Did Obamacare Short-Circuit Virginia’s “Mandate Lite” Insurance Option?

I hate it when my pet theories don’t work out. But in the cause of evidence-based punditry, I re-evaluate my thinking in light of the latest information available. The latest data compelling an attitude adjustment on my part is a report from the state Bureau of Insurance detailing the pitiful market performance of “mandate-lite” insurance policies.

In 2009 the General Assembly passed legislation allowing insurance companies in Virginia to sell “basic health insurance coverage” to small employers in Virginia. The hope was that exempting these insurance plans from most of Virginia’s mandated health benefits would make medical insurance coverage more affordable and accessible — an idea that I have endorsed for a long time. Displaying extraordinary foresight for a government body, the Assembly asked the Bureau of Insurance to report back on how the idea was working.

Well, the results aren’t anything to write home about. In fact, they’re pitiful. In the report just released, the Bureau of Insurance surveyed 33 insurance carriers offering coverage in the small employer market. Of those, only four had approved mandate-lite plans. As of March 2001, only one insurer had actually sold a mandate-lite plan, and that was to a mere three groups covering 10 employees. That carrier ended sales on July 1, 2011. A second carrier, having sold not a single plan, said that it will stop marketing them as well.

In other words, “mandates lite” has been a total bust.

Some readers of this blog will chortle with satisfaction at the idea that this timid step toward a more free-market approach in health insurance is such an obvious failure. This is proof, they will likely argue, that more government intervention in the insurance marketplace is the solution. They may be proven right, but it’s too early to jump to conclusions.

The passage last year of the Patient Protection and Affordable Care Act, otherwise known as Obamacare, likely undercut the market for the insurance policies. As the Bureau of Insurance report concludes, “The potential conflict between federal legislation and subsequent regulations with current state legislation is a deterrent to the development of mandate-lite plans at this time.”

The federal law requires the states to set up health insurance exchanges by 2013 to provide coverage for those who can’t get it from their employer. The legislation requires “essential benefits” that include hospitalization, ambulatory care, emergency services, maternity and newborn care, mental health and substance-abuse, prescription drugs, rehab, laboratory services, preventive and chronic-disease-management, and pediatric services including oral and vision care.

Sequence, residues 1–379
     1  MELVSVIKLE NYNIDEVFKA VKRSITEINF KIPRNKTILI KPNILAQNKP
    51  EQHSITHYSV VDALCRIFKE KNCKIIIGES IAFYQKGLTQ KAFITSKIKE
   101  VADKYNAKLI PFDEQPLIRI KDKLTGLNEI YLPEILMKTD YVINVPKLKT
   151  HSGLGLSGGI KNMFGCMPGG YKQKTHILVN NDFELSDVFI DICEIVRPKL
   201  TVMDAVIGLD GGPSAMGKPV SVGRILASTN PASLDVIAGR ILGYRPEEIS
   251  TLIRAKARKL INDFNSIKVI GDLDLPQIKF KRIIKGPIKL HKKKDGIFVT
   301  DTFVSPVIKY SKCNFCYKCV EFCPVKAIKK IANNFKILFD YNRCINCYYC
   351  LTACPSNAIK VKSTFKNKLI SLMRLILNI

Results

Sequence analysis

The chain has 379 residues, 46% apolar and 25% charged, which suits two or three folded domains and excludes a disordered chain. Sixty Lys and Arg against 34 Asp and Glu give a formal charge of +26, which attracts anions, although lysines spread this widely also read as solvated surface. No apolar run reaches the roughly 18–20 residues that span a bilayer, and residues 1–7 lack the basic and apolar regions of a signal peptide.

In 2013, in other words, federal insurance requirements will trump state law, putting the “mandate lite” insurance products out of business. I would conjecture that Virginia insurance carriers concluded that there is no point in investing resources into developing the “mandate lite” market knowing that it is scheduled for extinction. What we don’t know is why the preliminary experience was so disappointing. Was it due to a lack of demand… or a reluctance of insurance carriers, seeing Obamacare coming down the line, to invest meaningful resources? It’s too bad the Bureau of Insurance report didn’t address that question.

Here’s one thing we do know: Obamacare has extinguished any competing vision in Virginia for how health insurance should operate. Marketplace experimentation will cease. Lawmakers, regulators and the special interests who influence them will make the decisions for us.

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2 responses to “Did Obamacare Short-Circuit Virginia’s “Mandate Lite” Insurance Option?”

  1. Maybe people don’t want to pay for insurance That does not cover anything.

  2. I, for one, don’t chortle. If you don’t like Obama_Care then come up with a better plan. Virginia has the opportunity to do what Massachusetts did – come up with their own approach that negates the need for ObamaCare.

    The “repeal and replace” is a bust. In 1993, Republicans believed that an individual mandate ( universal in ALL industrialized nations) was what we should do.

    NOW.. Republicans have NO ideas other than opposition to what they don’t like.

    Like Kids .. given 3 options, none of which they like – they just bail out.

    So I ask this simple question of folks here.

    Do you believe that the govt should be involved in health care at all?

    No equivocation – just give me a straight answer.

    If you DO believe that there is SOME ROLE for govt in health care then you have a responsibility to offer MORE than opposition to ObamaCare.

    otherwise .. admit.. that you are really not part of any solution.. and just are in the business of opposing what you don’t like.

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